India is the home of not only vegetarian cooking, but also the science of healthful living. The section of the Vedas known as the Ayurveda is the oldest known work on biology, hygiene, medicine, and nutrition. Sri Bhagavan Danvantari, an Avatar of Vishnu, revealed this branch of the Vedas thousands of years ago. “Old,” is not the same as “primitive,” however, and some of the instructions of the Ayurveda will may remind you of modern nutritional teachings or will just seem plain common sense. Other instructions may seem less familiar, but if given the chance they will prove their worth.
We shouldn’t be surprised to see bodily health discussed in spiritual writings. After all, the human body is a divine gift—a unique opportunity for the imprisoned soul to escape from the cycle of reincarnation—and therefore it must be respected. The importance of healthful living in spiritual life is also mentioned in the Bhagavad-Gita (6.16-17)
There is no possibility of becoming a yogi, O Arjuna,
if one eats too much or eats too little, sleeps too much or does not sleep enough.
One who is temperate in his habits of eating, sleeping, working, and recreation
can mitigate all material pains by practicing the yoga system.
Balanced and healthful eating has dual importance. Not only does it play an essential role in maintaining bodily health, but its opposite—overeating, eating in a disturbed or anxious state of mind, or eating unclean foods—is the main cause of Ama (undigested food), considered “the parent of all diseases,” according to the Ayurveda.
Proper eating can also help the aspiring transcendentalist attain mastery over his senses. “Of all the senses, the tongue is the most difficult to control,” says the Prasada-Sevaya, a song composed by Srila Bhaktivinoda Thakura1, a prolific author on Vaisnava teachings, “but Krishna has kindly given us this nice prasada to help us control the tongue,” he declares. Thakura thus reveals a mystical quality of food when it is prepared and consumed in a state of devotion.
What diet is best for me?
Australian “Medicine man” and Ayurvedic herbalist, Jay D. Mulder, points out that in classical Ayurveda, determining the ideal plant-based diet is not so simple. “There are two essential qualities of food described, para (superior) and apara or (inferior). These two qualities are not discussed in Western versions of Ayurveda. Understanding these qualities is critical to determining the ideal diet for oneself.
“For example, if you have good agni (digestive fire) and the food is prepared in the correct proportions and taken with appropriate digestives like salt and vinegar, during the correct season, and at the right time of day, then a raw food diet would be considered para (superior).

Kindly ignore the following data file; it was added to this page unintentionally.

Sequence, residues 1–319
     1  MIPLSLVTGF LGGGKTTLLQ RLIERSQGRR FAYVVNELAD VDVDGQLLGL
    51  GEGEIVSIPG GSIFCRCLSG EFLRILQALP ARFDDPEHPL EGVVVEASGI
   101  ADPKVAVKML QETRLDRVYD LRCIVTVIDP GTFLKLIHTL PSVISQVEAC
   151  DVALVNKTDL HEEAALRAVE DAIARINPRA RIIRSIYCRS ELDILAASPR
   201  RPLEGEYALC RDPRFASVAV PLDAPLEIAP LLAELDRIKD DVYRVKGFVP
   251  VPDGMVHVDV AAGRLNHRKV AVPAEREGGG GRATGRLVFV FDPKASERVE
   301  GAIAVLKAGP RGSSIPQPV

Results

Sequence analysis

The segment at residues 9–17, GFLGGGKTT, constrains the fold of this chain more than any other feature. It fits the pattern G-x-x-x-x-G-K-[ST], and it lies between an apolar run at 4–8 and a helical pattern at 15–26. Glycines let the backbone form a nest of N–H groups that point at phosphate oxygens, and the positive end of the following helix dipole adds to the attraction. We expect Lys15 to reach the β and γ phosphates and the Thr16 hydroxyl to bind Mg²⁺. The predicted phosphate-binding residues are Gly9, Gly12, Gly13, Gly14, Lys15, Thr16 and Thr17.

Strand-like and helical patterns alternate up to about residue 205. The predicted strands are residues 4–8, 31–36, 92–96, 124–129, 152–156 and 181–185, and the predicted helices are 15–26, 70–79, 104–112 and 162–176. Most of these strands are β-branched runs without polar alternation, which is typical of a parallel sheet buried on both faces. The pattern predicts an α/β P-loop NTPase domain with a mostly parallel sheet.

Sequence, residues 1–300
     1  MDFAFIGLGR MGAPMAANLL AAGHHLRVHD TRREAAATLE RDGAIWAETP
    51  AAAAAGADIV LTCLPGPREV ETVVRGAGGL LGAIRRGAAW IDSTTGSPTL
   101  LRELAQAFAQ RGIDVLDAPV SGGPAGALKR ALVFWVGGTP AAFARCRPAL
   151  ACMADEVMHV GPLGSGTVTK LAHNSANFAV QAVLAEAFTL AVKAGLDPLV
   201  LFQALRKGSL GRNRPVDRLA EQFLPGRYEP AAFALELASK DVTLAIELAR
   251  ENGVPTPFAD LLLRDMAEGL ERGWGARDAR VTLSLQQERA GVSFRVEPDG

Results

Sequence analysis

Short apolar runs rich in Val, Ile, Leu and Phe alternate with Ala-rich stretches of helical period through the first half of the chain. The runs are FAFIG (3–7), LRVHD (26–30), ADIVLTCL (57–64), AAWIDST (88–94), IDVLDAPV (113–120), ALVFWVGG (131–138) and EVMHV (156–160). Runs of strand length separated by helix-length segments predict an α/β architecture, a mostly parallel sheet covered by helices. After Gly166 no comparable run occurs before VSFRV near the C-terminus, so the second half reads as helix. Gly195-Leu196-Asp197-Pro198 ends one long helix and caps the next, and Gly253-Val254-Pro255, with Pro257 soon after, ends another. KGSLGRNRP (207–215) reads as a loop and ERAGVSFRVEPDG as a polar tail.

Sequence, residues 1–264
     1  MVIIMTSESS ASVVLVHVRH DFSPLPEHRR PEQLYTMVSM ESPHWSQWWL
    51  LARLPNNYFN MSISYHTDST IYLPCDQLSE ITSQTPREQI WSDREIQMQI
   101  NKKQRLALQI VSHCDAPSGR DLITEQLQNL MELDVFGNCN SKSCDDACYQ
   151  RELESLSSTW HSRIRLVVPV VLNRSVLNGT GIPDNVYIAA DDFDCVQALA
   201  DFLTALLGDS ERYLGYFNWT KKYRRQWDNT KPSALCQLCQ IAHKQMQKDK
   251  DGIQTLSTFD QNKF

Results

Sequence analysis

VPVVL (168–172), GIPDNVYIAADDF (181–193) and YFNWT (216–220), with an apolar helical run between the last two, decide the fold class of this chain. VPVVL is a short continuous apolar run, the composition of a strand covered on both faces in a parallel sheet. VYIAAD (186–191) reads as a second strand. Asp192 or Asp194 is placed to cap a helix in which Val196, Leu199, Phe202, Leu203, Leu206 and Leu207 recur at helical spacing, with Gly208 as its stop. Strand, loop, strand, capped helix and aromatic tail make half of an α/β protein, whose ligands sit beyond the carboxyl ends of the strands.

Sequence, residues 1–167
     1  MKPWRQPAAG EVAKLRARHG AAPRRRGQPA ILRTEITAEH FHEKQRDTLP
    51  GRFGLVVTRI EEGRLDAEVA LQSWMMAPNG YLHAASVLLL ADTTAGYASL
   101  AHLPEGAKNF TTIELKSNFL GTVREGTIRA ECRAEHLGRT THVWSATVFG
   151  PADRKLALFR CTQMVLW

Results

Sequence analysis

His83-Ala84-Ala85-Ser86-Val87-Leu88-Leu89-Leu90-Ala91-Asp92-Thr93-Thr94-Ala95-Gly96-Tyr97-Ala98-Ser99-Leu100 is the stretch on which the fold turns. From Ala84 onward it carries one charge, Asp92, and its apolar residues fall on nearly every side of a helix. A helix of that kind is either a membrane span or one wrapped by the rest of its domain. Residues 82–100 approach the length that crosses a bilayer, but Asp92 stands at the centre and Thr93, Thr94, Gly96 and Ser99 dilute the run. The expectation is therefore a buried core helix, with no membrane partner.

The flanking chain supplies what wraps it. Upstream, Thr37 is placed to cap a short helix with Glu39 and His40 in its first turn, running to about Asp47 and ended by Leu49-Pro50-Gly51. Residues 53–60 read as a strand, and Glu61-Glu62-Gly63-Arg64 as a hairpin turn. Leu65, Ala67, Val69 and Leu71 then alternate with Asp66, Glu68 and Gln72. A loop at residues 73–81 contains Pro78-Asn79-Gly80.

“However, if one has weak agni or erratic vata (air), or slow digestion (mandagni) typical of kapha, then raw food is generally apara (inferior). However, if the raw food is taken in sunny conditions and prepared and seasoned to make it easy to digest then raw food again becomes para.”
It is absurd, criminal and totally irresponsible for raw food proponents to push an uncooked plant-based food as the only diet for all people and all circumstances. Similarly, it is equally unjustified for some Ayurvedic practitioners to assert that food should never be consumed uncooked.
The Vedic philosophy of Achintya bheda abheda tattva or (inconceivable oneness and difference in all truth) as expressed in the Ayurvedic para/apara concept, perfectly places the raw plant-based diet as both superior and inferior based on time, place and circumstance.
Jay Mulder concludes, “The goal of classical Ayurveda is tridosha or balancing the three faults or doshas, and this is non-different from the ultimate ideal of yoga. Food yoga requires us to highlight the ideal of balance and how to convert apara to para.”
Source: FOOD YOGA – Nourishing Body, Mind & Soul
1. Bhaktivinoda (1838 – 1914) was among the first Vaishnava scholars to present the teachings of Caitanya Mahaprabhu and the principles of Gaudiya Vaishnava Theology to the English speaking world.
Food yoga is both an art form and a science
ART: The individual expression of love and devotion using food as the medium;
SCIENCE: An appreciation for the beauty and interconnectedness of all things, coupled with an unceasing awareness of the Energetic Source from which all things emanate.
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